TI5 Retrospective Part 2: CDEC, Masters of the Meta now available at LiquidDota.com
(Part 1 is also available here in what is likely a more mobile-friendly form)
When we talk about the hero meta at the conclusion of a major tournament like TI5, the discussion typically revolves around the heroes that dominated the Picks and Bans (Lina and Leshrac respectively), the heroes that put up absurdly high win rates over a large selection of games (for instance, Bounty Hunter’s 69% win rate over 48 games), or heroes that dominated all three of these metrics (Gyrocopter). But for TI5 a huge part of the story is the heroes that are missing, either as part of the 6.83->6.84 transition or just between the International and all of the other games of the 6.84 patch. This is because there’s a conspicuous absence that helps us to identify the connecting factor that led to the success of heroes like Lina, Leshrac, Bounty Hunter and Gyrocopter. And it also helps inform us on what we might expect from the inevitable 6.85.
With that said, I’d like to draw your attention to an unusual statistic: the ultimate cooldowns of the top 15 picks at TI5.
Without context, this doesn’t mean much, so let’s divide it into two groups: heroes with roughly minute long cooldowns or less, and heroes with nearly two minute cooldowns or more.
On the shorter end of things, we have every hero that has gone from having virtually no draft presence to being some of the hottest picks in 6.84.
The longest ultimate of this group is Undying at 75 seconds, but given that it’s a transformation ultimate with a 30 second duration, you’re looking at an effective downtime of 45 seconds. With that adjustment made, we have a group of composed entirely of heroes with sub 1 minute ults.
(I did, admittedly, leave off two heroes that fit my less than 5% P/B in 6.83 to greater than 30% P/B in 6.84 criteria but did not have as big of an influence on TI5 itself. These heroes are Dragon Knight and Visage. Dragon Knight is another transformation ult with an effective downtime of 55 seconds. Visage is the most complicated case of all given the nature of the familiars, but their expected downtime should be significantly less than their 180 second cooldown at level 6.)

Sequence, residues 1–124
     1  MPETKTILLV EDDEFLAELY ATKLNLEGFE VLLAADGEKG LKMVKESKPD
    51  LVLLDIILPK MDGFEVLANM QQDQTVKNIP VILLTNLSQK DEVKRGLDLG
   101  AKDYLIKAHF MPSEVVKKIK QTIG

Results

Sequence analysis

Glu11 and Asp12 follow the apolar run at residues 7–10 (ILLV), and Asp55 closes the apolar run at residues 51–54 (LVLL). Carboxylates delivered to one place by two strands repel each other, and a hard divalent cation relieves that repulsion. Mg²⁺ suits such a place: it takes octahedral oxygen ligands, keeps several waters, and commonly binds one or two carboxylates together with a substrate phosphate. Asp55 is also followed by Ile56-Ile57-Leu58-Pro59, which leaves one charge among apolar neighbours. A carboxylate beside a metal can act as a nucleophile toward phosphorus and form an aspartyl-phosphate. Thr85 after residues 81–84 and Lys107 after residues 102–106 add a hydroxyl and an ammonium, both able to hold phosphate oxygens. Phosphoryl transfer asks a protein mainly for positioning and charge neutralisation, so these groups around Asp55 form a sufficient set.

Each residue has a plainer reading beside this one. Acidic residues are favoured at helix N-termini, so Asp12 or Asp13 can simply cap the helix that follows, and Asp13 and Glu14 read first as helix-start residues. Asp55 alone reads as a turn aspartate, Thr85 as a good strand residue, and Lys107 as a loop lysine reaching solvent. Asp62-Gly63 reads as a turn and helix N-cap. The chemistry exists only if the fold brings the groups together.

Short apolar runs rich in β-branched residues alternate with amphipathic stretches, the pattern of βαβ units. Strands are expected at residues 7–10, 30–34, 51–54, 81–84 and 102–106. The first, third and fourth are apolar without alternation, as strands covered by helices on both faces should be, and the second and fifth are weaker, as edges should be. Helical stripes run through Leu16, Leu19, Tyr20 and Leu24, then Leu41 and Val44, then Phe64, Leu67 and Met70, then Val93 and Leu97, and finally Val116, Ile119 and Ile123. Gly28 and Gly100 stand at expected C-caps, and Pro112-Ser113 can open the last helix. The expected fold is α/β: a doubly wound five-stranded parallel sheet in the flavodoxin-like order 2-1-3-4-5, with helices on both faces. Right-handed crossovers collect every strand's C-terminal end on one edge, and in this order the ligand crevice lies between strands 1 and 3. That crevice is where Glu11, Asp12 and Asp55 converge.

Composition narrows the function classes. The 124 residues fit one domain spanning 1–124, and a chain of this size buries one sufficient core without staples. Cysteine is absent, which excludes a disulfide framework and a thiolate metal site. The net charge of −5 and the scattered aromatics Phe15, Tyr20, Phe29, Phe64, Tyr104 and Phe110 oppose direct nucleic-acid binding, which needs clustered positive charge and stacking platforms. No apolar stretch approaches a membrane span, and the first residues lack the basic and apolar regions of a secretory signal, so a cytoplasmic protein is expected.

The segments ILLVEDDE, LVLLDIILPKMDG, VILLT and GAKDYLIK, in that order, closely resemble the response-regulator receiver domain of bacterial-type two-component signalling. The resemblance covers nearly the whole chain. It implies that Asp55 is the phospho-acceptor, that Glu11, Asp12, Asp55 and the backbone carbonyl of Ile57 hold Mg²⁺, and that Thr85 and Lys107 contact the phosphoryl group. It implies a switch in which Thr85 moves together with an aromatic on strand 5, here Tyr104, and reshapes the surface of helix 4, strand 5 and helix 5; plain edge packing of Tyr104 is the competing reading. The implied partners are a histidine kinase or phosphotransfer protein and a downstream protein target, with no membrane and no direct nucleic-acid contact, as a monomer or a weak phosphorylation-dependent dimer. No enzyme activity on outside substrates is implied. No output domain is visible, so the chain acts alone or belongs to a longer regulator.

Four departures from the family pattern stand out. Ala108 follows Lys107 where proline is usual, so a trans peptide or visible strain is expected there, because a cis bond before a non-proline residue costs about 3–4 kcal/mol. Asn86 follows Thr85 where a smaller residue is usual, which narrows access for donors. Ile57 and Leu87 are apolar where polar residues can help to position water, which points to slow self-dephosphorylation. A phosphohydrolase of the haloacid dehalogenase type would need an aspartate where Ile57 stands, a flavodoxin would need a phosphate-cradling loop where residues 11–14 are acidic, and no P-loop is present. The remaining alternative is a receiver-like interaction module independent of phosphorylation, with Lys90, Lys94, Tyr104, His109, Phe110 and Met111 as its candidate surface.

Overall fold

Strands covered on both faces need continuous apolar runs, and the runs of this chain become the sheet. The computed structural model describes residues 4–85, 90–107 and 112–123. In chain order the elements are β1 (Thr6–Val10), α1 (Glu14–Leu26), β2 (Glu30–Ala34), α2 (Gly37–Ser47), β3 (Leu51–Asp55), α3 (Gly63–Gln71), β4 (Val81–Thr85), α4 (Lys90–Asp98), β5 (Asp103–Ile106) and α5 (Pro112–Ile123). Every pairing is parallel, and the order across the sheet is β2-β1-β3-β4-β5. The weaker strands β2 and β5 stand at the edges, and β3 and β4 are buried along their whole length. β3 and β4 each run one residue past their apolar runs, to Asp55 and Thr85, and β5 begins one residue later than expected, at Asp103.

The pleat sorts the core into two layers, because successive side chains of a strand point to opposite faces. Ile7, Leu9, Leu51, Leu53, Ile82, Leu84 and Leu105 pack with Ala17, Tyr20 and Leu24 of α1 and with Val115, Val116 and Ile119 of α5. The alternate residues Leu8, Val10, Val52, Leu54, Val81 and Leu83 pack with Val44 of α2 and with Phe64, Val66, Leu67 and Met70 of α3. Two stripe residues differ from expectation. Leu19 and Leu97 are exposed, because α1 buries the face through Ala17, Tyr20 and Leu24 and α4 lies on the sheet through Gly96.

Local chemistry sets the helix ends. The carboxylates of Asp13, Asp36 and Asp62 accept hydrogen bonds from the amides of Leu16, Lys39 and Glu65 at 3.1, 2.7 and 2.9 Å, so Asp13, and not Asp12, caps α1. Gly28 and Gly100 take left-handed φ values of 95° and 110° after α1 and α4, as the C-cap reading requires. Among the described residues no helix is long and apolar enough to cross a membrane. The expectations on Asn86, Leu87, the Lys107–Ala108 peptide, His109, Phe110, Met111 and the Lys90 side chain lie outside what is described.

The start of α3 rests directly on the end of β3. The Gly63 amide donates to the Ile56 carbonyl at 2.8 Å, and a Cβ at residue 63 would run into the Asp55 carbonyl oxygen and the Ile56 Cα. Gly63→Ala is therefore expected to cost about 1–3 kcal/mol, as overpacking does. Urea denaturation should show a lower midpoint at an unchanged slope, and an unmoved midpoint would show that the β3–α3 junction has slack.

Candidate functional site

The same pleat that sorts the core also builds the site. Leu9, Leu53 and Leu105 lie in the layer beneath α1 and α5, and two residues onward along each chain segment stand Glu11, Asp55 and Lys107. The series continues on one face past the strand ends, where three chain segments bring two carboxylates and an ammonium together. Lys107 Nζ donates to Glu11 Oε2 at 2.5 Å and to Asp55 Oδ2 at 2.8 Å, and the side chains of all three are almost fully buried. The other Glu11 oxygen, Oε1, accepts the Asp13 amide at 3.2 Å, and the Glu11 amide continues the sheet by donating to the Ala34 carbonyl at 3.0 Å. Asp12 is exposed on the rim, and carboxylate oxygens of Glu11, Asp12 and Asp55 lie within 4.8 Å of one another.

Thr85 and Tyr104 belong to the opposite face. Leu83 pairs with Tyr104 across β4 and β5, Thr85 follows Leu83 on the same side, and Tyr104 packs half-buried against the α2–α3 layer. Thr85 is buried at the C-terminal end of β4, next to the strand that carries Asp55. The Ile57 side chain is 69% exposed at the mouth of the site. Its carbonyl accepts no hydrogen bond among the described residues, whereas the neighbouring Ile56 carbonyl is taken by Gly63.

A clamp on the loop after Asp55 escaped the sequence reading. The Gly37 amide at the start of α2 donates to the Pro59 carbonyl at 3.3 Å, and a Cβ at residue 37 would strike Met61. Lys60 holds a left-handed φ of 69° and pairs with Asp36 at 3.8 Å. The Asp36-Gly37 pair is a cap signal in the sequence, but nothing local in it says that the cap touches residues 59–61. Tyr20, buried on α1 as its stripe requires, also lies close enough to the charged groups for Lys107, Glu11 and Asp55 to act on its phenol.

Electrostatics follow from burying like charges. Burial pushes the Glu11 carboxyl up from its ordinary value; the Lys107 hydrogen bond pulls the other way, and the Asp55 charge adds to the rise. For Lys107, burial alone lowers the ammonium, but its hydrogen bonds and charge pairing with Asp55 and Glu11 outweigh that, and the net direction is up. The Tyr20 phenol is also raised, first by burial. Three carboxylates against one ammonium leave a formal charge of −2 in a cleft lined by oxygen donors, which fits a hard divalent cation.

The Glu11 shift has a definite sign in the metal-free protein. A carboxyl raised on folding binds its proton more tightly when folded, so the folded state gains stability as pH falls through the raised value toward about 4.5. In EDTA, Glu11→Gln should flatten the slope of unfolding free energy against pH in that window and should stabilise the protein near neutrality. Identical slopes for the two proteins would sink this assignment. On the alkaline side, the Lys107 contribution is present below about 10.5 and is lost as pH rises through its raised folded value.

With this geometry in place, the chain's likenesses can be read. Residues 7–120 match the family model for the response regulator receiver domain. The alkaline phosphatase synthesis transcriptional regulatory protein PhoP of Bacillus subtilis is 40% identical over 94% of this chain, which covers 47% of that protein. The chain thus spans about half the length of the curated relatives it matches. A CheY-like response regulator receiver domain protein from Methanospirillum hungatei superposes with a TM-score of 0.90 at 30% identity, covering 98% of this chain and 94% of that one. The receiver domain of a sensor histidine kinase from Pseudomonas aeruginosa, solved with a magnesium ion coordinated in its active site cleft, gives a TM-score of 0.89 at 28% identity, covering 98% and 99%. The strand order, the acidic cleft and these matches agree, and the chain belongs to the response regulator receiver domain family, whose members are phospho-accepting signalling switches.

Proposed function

“But what about heroes like Lina, Dazzle, and Storm Spirit?” you might ask. Well, let’s examine a second trend: the heroes whose TI5 selection rate outperformed their 6.84 expectations.
Once again you have a list completely dominated by short cooldown ultimates, albeit with the echoed exceptions from before of Naga Siren, Dark Seer, and Winter Wyvern.
Let’s flip the script now and look at the other end of things, starting with the three heroes I highlighted initially: Queen of Pain, Shadow Fiend, and Winter Wyvern. Of the top 15, they had the three lowest win rates, but you can’t really fault the drafters for expecting a better performance out of these heroes given their solid performances in the months prior to TI5.
But even if these heroes struggled, at least they got TI5 representation. The broader trend is that the 6.83->6.84 transition has coincided with a broad reduction in usage for nearly every hero whose gameplay largely depends on long cooldown ultimates.
If there’s a long ultimate cooldown hero that you’ve noticed missing from this list (not named Naga, Dark Seer, or Earthshaker), then it’s likely they were already a non-factor in 6.83.